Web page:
Nation & World

Senator back from Georgia wants tough action against Russia

WASHINGTON — Sen. Lindsey Graham said Friday that his visit to Georgia, Ukraine and Poland, at Sen. John McCain's behest, persuaded him that the United States and its allies must take tough steps to prevent further Russian military aggression against its smaller neighbors.

Graham, a South Carolina Republican, called on NATO to "stop war-gaming on tables in Brussels" and to begin military exercises in Europe to show its commitment to protecting member nations.

"I found a Russia on the move, a Russia that is trying to intimidate its neighbors who are Democratic in nature," Graham said. "This (Georgia) conflict is not about a border dispute. It's about the desire by Russia to send a signal to its democratic neighbors that Russia is a dominant power."

Poland is a NATO member, and the United States backs Georgia's effort to join the trans-Atlantic organization.

Graham was joined on the trip by Sen. Joseph Lieberman, an independent Democrat from Connecticut.

The two men, McCain's closest Senate friends, met with the leaders of Ukraine and Georgia on Wednesday, then conferred with Polish Prime Minister Donald Tusk on Thursday before returning to Washington.

Graham and Lieberman briefed McCain in a call from Warsaw.

"I told (McCain) that there was unity in Georgia, Russia is doing a lot of damage, the Poles and Ukraine see this as a very big step in the wrong direction by Russia," Graham said. "Basically, that your view, John, of Russia being up to no good is correct."

Graham expressed skepticism over the start Friday of an apparent pullback by Russian troops in Georgia, under a cease-fire agreement brokered by French President Nicolas Sarkozy.

State Department spokesman Robert Wood confirmed movement of some Russian forces from Georgia, but he accused Moscow of violating the deal by setting up checkpoints and a security zone around the breakaway region of South Ossetia.

Russian President Dmitry Medvedev had vowed to remove his troops from Georgia by late Friday, but a top Russian military commander said the pullout would take 10 days to complete.

Diplomats and analysts say there's little the West can do — short of going to war with Russia — to check its military muscle-flexing in the Caucasus.

Graham, though, said the United States and its allies should accelerate Georgia's bid to join NATO, reconsider Russia's membership in the G-8 group of advanced industrialized nations and freeze Moscow's campaign to enter the World Trade Organization.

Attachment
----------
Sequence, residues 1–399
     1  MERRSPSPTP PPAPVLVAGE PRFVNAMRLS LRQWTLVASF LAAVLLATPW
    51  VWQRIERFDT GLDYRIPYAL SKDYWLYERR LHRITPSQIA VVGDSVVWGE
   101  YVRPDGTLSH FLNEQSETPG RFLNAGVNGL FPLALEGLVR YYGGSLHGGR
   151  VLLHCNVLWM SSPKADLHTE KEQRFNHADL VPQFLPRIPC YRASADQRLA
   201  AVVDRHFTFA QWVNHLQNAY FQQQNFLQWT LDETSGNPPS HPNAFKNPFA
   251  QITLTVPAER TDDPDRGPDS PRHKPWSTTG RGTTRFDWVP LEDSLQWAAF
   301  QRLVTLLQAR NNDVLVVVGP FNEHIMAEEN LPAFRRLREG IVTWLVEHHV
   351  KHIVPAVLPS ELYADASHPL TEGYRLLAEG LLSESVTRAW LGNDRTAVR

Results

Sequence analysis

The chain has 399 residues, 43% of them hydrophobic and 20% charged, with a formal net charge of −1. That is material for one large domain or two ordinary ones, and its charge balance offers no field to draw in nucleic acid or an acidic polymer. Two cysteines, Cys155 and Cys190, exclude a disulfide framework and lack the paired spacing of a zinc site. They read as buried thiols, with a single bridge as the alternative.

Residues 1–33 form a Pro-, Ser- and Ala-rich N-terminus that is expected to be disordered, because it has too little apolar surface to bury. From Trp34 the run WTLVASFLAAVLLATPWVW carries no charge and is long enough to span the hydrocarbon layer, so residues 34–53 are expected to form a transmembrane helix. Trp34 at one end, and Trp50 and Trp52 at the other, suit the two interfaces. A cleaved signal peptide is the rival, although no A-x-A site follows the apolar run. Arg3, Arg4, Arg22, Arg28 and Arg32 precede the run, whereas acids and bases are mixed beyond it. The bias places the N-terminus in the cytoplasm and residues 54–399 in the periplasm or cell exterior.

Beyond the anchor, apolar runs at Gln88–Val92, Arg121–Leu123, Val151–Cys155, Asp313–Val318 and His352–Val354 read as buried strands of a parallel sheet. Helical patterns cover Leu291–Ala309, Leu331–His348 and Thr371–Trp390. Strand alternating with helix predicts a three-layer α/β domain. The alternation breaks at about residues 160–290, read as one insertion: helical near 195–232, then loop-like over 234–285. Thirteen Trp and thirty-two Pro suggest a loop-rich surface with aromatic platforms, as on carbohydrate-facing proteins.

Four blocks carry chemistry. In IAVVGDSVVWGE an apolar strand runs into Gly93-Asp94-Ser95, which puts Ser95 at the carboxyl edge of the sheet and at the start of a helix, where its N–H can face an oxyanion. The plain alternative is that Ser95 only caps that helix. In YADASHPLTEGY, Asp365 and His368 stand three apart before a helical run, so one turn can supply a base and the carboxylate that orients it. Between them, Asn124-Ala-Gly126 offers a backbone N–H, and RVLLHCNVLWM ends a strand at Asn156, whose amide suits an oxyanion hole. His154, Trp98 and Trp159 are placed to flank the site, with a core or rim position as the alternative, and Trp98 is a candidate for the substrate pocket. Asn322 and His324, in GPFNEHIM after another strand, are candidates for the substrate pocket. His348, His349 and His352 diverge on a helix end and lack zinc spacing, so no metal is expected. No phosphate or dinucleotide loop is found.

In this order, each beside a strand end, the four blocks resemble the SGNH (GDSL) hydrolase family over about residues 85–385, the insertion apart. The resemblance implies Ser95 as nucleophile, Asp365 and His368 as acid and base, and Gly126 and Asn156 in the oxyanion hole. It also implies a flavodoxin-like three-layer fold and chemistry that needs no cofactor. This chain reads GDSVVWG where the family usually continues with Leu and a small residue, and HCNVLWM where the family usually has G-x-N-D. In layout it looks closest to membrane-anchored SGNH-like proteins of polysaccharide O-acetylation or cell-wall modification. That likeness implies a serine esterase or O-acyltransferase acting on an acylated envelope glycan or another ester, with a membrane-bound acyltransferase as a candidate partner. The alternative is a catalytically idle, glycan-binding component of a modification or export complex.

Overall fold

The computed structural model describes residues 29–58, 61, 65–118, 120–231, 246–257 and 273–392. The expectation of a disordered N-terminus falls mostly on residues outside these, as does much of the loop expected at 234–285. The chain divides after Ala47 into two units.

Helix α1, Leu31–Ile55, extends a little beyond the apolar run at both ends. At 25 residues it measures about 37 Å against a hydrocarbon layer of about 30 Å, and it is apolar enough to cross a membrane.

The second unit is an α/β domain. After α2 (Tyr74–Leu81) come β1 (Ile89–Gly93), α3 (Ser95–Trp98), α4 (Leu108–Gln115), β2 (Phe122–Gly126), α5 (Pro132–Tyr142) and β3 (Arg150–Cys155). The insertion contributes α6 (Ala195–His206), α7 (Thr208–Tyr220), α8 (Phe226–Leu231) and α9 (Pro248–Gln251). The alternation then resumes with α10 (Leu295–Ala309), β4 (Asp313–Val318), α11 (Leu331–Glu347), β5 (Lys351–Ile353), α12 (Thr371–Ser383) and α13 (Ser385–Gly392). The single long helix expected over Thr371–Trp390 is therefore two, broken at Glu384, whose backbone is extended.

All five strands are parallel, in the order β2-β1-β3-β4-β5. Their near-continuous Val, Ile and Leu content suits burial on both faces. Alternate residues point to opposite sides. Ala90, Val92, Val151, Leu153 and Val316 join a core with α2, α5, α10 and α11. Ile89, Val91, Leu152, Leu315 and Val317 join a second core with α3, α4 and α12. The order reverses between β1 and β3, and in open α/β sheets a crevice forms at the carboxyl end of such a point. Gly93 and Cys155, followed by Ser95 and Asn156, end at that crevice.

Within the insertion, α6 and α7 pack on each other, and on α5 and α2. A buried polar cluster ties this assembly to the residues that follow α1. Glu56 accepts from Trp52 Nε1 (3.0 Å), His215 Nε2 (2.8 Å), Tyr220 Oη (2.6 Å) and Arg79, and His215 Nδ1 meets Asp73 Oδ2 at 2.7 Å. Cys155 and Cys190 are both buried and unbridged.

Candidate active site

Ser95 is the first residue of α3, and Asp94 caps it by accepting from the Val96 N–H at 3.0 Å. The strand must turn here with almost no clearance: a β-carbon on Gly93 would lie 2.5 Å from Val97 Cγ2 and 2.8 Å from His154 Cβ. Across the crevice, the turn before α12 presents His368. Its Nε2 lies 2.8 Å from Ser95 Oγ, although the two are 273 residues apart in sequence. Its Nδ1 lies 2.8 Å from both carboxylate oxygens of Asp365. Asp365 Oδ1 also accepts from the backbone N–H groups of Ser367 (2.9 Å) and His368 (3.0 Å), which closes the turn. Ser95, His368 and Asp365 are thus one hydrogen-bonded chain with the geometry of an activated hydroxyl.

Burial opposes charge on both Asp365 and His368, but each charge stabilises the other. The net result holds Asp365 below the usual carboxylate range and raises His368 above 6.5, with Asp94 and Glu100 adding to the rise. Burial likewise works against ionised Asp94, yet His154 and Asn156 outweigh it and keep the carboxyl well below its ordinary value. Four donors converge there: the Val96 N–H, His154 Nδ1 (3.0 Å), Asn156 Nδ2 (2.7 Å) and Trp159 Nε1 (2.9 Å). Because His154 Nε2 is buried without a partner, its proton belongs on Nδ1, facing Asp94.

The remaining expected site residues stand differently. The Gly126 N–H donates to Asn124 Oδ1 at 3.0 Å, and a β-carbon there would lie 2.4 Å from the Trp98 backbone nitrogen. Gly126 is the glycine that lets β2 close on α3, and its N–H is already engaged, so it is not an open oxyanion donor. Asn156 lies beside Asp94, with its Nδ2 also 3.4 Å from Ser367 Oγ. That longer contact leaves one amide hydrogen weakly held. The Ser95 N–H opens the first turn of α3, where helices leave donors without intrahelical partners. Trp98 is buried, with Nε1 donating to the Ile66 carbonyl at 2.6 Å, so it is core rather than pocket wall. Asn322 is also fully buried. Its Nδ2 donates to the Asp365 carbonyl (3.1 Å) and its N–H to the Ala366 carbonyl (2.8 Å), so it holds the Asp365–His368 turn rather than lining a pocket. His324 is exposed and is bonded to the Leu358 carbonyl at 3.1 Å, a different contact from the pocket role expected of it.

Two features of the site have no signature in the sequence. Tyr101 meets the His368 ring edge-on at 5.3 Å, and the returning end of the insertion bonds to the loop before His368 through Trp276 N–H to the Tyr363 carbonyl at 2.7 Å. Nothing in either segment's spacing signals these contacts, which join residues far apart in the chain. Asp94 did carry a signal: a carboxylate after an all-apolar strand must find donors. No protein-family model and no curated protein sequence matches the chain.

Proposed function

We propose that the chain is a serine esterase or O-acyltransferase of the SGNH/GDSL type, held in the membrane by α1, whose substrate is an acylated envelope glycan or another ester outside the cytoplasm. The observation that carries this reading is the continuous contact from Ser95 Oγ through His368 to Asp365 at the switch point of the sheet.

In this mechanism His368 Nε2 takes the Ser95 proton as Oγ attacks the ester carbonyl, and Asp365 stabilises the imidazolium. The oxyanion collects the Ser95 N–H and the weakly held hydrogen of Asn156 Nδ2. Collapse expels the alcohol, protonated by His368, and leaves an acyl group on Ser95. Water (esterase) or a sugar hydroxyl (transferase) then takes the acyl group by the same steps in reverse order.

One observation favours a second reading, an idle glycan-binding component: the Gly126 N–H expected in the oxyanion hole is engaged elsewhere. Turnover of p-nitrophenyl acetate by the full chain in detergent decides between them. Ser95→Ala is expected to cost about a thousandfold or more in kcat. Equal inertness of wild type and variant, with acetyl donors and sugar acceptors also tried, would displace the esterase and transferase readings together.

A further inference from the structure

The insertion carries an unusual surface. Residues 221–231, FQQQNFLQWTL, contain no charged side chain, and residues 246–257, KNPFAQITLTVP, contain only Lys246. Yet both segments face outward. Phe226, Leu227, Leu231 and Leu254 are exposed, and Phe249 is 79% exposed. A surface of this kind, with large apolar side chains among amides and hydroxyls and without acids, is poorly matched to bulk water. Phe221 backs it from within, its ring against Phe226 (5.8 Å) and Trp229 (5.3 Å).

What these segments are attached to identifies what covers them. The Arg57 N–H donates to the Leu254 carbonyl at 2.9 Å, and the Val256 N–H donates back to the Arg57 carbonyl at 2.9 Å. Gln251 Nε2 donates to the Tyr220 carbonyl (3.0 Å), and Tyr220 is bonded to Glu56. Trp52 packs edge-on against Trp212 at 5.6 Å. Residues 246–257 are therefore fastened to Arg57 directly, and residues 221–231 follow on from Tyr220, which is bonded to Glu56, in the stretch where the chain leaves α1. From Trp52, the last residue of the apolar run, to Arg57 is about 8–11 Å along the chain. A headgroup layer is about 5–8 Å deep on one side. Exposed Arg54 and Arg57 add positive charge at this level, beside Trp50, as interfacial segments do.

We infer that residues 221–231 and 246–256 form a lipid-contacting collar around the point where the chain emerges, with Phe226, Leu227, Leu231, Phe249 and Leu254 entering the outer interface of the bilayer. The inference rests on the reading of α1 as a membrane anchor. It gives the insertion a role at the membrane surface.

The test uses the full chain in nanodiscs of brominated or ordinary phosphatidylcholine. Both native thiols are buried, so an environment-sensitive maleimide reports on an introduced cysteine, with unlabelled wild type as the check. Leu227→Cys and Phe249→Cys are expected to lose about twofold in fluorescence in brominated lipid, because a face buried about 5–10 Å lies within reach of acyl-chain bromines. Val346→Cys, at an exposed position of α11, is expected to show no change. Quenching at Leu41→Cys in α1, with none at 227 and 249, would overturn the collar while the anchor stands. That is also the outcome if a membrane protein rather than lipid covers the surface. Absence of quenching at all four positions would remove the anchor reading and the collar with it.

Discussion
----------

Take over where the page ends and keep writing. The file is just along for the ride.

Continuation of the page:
Russia's move into Georgia, Graham said, has isolated it diplomatically and gained little support from other countries beyond Belarus and Cuba.

Graham said that Russia, a major producer of oil and natural gas, wanted to seize control of an energy pipeline that went from Azerbaijan, a former Soviet republic in Central Asia, through Georgia to Turkey.

"We cannot sit on the sidelines and allow energy supplies to be controlled by Russia," Graham said. "We can't allow these young democracies to be intimidated by Russia."

Graham said he'd lead efforts in Congress next month to pass a $1 billion-plus package of emergency aid for Georgia and for the Senate to ratify a new missile-defense treaty with Poland.

He rejected Russia's claims that the treaty, which Secretary of State Condoleezza Rice signed Wednesday in Warsaw, threatens Russia.

The senator also rejected Russia's assertion that Georgia started the military conflict by attacking South Ossetia, a province with many ethnic Russian residents.

"It is clear that the Russians tried to create this provocation," Graham said. "They were looking for this opening. They're trying to lure these young democracies into a fight."

Ukrainian leaders told Graham and Lieberman that the Russian government has issued passports to 75,000 ethnic Russians who are living in the former Soviet republic, following a model of similar moves in South Ossetia and Abkhazia in Georgia, both of which are heavily populated by Russians.

"We have to be bold now," Graham said. "We have to implement this treaty with Poland. We have to beef up NATO in the east (of Europe). We have to show the Russians they can't be part of the international community by behaving this way."